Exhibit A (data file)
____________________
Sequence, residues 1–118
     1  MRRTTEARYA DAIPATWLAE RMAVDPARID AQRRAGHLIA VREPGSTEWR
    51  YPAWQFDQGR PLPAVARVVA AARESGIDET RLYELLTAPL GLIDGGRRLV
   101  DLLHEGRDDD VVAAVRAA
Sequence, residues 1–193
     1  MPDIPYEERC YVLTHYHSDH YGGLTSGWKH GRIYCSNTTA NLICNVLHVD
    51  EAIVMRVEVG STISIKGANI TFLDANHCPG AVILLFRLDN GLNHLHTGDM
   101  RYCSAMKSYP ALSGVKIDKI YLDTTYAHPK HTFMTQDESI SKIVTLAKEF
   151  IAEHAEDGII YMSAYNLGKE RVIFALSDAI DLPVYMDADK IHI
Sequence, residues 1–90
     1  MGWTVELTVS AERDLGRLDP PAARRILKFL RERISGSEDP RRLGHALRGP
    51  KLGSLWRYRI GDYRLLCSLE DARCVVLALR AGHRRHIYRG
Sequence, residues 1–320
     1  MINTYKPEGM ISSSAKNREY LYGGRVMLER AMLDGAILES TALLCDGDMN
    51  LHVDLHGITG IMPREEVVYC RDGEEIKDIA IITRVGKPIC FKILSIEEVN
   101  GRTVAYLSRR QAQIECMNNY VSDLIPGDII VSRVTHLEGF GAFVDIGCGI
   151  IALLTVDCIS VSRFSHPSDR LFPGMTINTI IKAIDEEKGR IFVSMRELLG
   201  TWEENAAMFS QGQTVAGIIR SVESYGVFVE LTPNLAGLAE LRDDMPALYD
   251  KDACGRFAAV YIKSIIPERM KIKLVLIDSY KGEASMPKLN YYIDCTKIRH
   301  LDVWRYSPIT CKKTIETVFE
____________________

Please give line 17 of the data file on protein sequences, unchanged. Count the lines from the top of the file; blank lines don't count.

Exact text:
   151  IALLTVDCIS VSRFSHPSDR LFPGMTINTI IKAIDEEKGR IFVSMRELLG